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Attorney General Jeff Sessions Rolls Back Memo Protecting States That Have Legalized Marijuana

On Thursday, Attorney General Jeff Sessions rolled back an Obama-era mandate that largely kept the federal government from interfering with state laws that allow people to use marijuana recreationally and medically.

The Cole memo, now rescinded by Sessions, refocused investigative efforts so that only the “most significant” marijuana-related offenses, like those related to drug cartels or minors, were pursued. The new memo reverses this guidance, and calls for federal prosecutors to enforce federal law for all marijuana-related offenses, even in states where marijuana is legal. U.S. attorneys will decide how much they spend enforcing federal marijuana laws.

“These principles require federal prosecutors deciding which cases to prosecute to weigh all relevant considerations, including federal law enforcement priorities set by the Attorney General, the seriousness of the crime, the deterrent effect of criminal prosecution, and the cumulative impact of particular crimes on the community,” Sessions’ memo stated.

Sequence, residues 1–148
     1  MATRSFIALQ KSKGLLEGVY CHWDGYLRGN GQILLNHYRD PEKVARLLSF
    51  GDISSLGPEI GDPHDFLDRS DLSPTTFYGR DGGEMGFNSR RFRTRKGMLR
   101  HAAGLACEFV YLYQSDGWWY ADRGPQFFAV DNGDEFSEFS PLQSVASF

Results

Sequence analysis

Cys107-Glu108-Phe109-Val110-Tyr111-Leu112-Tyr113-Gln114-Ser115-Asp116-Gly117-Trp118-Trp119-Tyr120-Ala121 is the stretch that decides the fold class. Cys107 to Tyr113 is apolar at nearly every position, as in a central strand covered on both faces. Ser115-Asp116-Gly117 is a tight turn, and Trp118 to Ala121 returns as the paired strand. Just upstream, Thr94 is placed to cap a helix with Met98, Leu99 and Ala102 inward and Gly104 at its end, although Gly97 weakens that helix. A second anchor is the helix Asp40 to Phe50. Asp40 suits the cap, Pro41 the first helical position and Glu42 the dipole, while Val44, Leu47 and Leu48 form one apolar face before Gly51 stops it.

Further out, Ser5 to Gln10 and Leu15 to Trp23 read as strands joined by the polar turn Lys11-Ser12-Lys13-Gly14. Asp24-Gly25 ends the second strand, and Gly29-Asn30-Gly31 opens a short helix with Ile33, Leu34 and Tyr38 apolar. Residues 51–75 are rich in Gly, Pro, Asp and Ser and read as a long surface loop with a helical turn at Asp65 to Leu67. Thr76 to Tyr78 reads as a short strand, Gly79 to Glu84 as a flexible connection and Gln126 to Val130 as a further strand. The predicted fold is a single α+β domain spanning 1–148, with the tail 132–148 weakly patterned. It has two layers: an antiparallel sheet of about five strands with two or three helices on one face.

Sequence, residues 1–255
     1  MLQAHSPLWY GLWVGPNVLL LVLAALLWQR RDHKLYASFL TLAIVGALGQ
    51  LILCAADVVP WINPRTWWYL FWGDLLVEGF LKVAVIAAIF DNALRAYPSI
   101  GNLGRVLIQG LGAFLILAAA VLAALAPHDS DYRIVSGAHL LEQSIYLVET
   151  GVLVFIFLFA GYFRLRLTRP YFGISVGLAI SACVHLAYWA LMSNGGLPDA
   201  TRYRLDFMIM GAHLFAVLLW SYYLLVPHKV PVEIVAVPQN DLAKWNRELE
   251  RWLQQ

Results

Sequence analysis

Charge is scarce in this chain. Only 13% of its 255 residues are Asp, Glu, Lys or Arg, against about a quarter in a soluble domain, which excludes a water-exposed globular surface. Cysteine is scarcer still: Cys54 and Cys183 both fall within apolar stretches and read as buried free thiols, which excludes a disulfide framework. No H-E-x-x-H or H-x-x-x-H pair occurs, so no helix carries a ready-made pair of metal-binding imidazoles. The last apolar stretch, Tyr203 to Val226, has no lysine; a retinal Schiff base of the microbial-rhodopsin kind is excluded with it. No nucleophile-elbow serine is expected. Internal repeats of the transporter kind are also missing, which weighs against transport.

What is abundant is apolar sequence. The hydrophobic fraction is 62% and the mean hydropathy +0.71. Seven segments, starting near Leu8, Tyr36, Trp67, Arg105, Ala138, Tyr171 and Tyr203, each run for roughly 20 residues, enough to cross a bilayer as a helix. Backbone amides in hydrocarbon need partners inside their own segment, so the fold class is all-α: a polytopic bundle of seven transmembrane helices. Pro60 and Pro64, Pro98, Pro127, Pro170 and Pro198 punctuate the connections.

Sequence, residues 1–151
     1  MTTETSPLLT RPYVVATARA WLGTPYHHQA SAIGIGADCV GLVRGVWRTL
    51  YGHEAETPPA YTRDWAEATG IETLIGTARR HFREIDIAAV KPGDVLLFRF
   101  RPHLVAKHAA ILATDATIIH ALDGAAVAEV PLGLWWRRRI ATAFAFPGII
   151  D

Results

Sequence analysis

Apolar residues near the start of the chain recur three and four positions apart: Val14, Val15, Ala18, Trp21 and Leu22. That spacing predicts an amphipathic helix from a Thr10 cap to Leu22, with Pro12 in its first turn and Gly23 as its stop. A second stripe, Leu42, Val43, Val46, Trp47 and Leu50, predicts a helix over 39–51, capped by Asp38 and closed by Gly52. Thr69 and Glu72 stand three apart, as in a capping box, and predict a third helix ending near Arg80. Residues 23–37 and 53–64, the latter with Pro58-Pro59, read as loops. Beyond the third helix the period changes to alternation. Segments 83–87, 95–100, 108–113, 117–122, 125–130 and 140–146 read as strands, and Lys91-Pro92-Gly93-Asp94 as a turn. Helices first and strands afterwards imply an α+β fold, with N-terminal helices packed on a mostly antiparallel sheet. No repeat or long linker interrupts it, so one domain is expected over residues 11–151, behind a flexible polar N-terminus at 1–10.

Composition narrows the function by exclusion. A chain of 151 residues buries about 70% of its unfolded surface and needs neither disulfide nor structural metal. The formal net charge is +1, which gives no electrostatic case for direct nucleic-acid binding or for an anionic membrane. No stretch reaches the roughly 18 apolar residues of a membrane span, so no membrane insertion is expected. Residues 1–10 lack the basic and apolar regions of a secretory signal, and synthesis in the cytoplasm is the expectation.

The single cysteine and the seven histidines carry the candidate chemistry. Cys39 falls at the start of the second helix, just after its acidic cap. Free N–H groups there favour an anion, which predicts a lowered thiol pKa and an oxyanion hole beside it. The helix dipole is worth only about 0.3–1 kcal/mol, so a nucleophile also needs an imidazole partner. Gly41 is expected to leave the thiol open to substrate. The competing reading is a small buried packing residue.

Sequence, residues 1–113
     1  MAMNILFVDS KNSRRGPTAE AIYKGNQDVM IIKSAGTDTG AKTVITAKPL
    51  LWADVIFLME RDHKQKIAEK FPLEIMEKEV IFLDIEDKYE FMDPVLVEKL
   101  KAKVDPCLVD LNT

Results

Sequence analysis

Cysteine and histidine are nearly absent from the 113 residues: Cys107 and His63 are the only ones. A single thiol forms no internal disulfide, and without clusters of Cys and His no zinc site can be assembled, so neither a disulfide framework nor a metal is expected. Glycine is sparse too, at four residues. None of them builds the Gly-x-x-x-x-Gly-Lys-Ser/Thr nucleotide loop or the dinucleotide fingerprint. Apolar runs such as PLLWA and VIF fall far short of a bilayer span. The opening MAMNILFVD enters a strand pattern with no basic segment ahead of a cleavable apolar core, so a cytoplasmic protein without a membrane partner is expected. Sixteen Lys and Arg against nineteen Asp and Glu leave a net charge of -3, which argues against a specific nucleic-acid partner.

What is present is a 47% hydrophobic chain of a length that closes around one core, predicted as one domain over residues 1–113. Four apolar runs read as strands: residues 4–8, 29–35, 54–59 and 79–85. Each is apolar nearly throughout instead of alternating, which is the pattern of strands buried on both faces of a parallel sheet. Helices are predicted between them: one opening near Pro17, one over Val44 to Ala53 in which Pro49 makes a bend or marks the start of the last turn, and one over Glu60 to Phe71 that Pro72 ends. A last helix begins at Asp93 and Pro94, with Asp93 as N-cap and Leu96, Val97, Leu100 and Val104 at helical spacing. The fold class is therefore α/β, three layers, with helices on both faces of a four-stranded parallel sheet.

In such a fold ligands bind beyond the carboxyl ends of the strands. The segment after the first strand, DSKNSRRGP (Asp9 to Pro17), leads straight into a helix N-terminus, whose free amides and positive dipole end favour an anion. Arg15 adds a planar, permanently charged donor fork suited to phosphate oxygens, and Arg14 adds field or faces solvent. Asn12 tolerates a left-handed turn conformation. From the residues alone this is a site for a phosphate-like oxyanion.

Despite state legalization efforts, marijuana is still considered an illegal substance under Schedule I of the Controlled Substance Act, making it illegal under federal law. How the new memo will affect marijuana growers, businesses and users of both legal and medical marijuana is unclear.

According to a report by the Associated Press, a congressional amendment blocks the Justice Department from interfering with states’ medical marijuana programs. This, however, would not prevent the possibility of prosecutions related to medical marijuana, justice officials told the AP.

Photos by United States Congress and Zenkyphoto